Birthday party politics: Why parents need to butt out of their kid's friendships
OPINION: As a new mother, it was both extremely exciting and extremely nerve-wracking when my first born daughter started pre-primary.
She would be attending a school in Perth's northern beaches - a school that drew families in from a diverse number of areas. As a result, it soon became clear to me that the school was divided as such.
You either rolled up at the kiss-and-drive in a BMW, or you parked your 1996 Holden where it couldn't be seen.
I was perhaps a bit naive that my daughter wouldn't feel the effects of the mild socio-economic divide, but at the same time I had to admit I was slightly unnerved by the material wealth of her school friends.
We weren't dirt poor, just ordinary. In fact, I distinctly remember my daughter's Christmas wishes that year: a pool and a staircase because she desperately wanted the two-storey house all her school friends had.
Even so, she eventually became quite friendly with another little girl, Samantha, and was often invited for plays.
We often reciprocated and I don't think either of the girls ever remarked on the difference in their houses or which suburb they lived in; and there was quite a difference between Samantha's beachside villa and our modest inner suburb home.
Eventually, Samantha's birthday came around and my daughter came home with the invite in her book bag. It was a Hungry Jack's party, and she was thrilled. She didn't get takeaway very often.
At first I was a little surprised; I thought Samantha's parents would have quite a large, lavish affair.
Instead I pushed the thought aside and rang Samantha's mum to accept the invitation. That would probably have been the end of it, but I asked her what Samantha might like as a present.
Her mum said not to worry too much about a present - she would be getting heaps anyway as she had invited most of the class.
I laughed and said that I didn't know Hungry Jacks was that big.
Soon, I learnt it actually wasn't. I had heard whispers from other mothers about attending a party at Samantha's house, and began to put two and two together.
I worked out that my daughter had been invited to only one of the parties - the smaller party. I also found out us 'other' mums were referred to as the 'Glengarry group' - that is, the group without the BMWs, the boats or the mortgages set to last over the next fifty years and beyond.
The other party Samantha's mum had organised was the large one where she would get all of her presents, and it was set to be held in their beautiful, pristine home. Of course, us Glengarry mob couldn't be trusted with all the white furniture and marble counter-tops.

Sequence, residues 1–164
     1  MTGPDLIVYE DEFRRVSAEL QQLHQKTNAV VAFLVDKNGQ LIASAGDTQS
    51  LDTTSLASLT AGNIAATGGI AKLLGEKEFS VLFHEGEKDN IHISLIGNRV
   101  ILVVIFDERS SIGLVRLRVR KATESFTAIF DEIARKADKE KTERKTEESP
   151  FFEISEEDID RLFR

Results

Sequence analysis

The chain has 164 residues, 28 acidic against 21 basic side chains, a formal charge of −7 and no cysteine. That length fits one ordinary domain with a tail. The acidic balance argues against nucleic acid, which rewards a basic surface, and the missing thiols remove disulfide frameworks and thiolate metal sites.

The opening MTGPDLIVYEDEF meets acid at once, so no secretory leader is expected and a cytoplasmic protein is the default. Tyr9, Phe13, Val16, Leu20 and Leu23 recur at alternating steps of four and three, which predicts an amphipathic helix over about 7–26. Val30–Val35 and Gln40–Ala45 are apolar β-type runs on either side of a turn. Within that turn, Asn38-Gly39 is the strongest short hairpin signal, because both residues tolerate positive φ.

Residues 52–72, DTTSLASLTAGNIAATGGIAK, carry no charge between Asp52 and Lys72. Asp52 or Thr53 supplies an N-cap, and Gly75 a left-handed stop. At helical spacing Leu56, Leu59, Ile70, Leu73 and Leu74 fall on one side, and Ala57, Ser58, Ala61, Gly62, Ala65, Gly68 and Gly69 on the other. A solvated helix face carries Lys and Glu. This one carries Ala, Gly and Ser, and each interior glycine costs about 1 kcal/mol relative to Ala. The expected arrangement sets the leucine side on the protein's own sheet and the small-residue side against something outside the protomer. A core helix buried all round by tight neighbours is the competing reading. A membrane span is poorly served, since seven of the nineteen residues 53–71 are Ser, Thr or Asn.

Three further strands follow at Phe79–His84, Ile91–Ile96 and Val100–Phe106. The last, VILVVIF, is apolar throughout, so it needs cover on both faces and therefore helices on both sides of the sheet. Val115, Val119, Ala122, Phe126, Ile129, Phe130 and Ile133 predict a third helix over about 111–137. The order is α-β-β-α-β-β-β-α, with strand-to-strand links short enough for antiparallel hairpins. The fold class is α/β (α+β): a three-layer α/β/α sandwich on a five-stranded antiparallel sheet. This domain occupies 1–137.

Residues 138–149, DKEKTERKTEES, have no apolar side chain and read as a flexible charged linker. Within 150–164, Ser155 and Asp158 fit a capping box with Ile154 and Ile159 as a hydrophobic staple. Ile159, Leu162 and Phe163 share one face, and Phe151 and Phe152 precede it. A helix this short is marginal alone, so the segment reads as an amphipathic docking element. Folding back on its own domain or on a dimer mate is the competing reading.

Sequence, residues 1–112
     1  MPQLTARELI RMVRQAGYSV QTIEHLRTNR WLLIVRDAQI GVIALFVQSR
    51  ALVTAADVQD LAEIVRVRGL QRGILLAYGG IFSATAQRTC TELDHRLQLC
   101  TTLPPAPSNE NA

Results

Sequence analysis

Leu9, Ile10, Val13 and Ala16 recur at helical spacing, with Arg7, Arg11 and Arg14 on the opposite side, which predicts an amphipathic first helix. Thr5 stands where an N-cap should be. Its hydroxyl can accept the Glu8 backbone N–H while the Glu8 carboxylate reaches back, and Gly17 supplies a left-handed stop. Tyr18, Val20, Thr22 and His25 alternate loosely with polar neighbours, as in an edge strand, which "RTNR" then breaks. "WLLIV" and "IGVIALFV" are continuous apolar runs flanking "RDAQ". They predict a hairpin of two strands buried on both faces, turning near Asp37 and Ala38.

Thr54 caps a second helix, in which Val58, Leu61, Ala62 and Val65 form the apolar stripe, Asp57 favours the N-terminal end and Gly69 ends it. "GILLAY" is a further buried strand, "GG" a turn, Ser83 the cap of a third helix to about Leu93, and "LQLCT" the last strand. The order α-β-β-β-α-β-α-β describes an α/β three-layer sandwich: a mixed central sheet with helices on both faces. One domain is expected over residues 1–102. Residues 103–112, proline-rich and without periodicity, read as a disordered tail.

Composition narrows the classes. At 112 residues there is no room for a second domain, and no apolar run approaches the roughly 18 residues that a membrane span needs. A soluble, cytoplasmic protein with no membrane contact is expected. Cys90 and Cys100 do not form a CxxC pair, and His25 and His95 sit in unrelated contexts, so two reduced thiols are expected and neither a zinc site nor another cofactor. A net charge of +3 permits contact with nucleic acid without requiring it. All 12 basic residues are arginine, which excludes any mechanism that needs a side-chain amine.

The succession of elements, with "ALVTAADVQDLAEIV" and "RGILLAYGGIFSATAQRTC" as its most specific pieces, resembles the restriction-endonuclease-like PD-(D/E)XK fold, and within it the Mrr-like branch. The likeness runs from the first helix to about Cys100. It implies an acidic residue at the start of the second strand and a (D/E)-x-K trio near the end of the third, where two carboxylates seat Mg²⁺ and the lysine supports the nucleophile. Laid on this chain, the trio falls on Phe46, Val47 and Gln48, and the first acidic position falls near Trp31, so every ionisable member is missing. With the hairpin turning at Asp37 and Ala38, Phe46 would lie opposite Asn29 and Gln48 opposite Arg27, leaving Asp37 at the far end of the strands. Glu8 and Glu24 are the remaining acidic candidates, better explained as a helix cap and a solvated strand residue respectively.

After a little bit of undercover-mum detective work, I found that this party was reserved for the kids from the more affluent neighbourhoods.
If I hadn't already told my daughter about the party I would have told Samantha's mother where to put her invitation.
Instead, I coldly thanked her for the invite and my daughter went along to slum it with a bunch of kids who ended up being some of her best friends in years to come. The level of snobbery at play stunned me.
Earlier this month, I read about how a little girl had invited all her friends to her ninth birthday party. She invited 12 friends, and received only two RSVPs. It was beautiful to see how the community opened their hearts to her and her mother, but it was a perfect example of how 'birthday party politics' can really affect how your child understands socialising and friendships.
For kids in primary schools, birthday parties are the number one way of socialising with their peers in large groups, outside of a classroom. An invitation to a birthday party is not just an invite to celebrate someone's special day, but an invite for a child to get to know their peers. It's supposed to be a time of inclusion, making friends and laughs.
The 'Glengarry Group' incident was almost 20 years ago, and while it was a weird type of segregation rather than exclusion, it had the same effect on the children involved. It drew a line between children based on what it was their parents had, and who their parents wanted to socialise with. It stopped them from being able to socialise freely, and with whoever they wanted.
Mia's story reminded me of the Glengarry Group, and how I felt back in 1998: isolated, embarrassed and completely in shock that somehow my social standing affected my daughter's friendships. It felt like I had stopped my daughter from socialising freely because of what other parents thought of me.
But as the years have gone by, I've grown to learn it isn't up to us as parents to dictate and determine the friendships of our children.
My youngest daughter is now 15-years-old and is attempting navigate the new generation of parents determined to forge their own social groups and impose them on their children. I have told her to keep her head high and be kind, but I can see her struggling to understand why she wasn't invited to a boat cruise, a concert or a shopping trip. It can be heartbreaking.
All I can say to those parents is the same advice I give her: be kind. Try your best to pick up the phone and RSVP, make sure your kid isn't being a bully and let them determine if they want to make friends with the kid who's family doesn't own a boat.